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Parental Power as a Potential Influence on Girls' Career Choice

Linda Olshina Lavine
Child Development
Vol. 53, No. 3 (Jun., 1982), pp. 658-663
Published by: Wiley on behalf of the Society for Research in Child Development
DOI: 10.2307/1129377
Stable URL: http://www.jstor.org/stable/1129377
Page Count: 6
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Parental Power as a Potential Influence on Girls' Career Choice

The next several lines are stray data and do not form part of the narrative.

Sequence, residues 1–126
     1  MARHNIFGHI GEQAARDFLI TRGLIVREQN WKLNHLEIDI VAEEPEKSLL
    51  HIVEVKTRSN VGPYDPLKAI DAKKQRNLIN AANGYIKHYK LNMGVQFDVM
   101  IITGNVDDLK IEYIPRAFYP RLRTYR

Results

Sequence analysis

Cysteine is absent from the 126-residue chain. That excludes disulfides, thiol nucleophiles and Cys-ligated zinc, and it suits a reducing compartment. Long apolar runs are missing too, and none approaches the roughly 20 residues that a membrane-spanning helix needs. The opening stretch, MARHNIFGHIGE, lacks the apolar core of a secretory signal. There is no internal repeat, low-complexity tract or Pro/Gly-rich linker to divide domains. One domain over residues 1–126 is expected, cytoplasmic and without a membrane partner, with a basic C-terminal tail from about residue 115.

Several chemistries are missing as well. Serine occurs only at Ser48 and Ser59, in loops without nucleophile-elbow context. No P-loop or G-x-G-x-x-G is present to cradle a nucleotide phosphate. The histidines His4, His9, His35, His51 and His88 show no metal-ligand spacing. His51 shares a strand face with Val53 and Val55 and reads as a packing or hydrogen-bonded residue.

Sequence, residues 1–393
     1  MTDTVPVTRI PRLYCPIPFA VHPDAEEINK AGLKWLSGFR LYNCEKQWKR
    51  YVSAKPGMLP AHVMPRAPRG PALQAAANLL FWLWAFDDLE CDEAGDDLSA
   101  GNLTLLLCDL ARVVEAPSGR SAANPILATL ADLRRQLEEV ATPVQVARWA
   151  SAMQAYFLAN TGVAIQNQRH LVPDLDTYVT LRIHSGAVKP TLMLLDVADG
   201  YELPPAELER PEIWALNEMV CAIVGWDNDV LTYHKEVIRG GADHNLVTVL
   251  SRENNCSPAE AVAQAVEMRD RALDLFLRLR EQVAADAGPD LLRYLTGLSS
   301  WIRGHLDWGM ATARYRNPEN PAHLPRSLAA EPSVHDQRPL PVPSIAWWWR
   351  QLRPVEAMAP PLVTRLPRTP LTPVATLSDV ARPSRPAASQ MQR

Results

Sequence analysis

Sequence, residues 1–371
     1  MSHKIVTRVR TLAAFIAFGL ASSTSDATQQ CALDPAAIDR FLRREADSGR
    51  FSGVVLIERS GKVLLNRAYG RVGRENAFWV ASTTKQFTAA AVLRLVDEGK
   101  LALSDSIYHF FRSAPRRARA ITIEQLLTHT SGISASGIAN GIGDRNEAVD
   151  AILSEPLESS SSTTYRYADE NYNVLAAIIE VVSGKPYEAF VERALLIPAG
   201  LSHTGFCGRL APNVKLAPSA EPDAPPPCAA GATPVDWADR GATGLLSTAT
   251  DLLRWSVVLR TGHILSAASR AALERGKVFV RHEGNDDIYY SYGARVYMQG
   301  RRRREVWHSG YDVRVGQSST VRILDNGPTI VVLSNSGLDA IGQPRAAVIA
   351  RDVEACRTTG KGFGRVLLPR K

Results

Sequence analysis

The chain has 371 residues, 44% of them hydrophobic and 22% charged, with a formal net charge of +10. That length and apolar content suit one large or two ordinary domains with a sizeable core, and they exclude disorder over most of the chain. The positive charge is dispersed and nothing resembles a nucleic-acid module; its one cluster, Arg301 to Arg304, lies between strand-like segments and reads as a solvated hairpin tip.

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Abstract

Children ages 7-11 were interviewed to determine their career preferences, the degree to which they perceive occupations as limited to 1 sex exclusively, and their perceptions of their parents' power distribution. Data were also collected on parents' jobs. Data were analyzed using sex typing of preferred career as the dependent variable. Multiple regression analyses indicate that, for girls, perception of higher maternal power is significantly related to preference for less feminine-stereotyped careers. Also, girls who perceive more occupations as limited to 1 sex exclusively have preferences for more sex-typed careers. The presence of a working mother is not related to career preference. No significant correlations were obtained for males.

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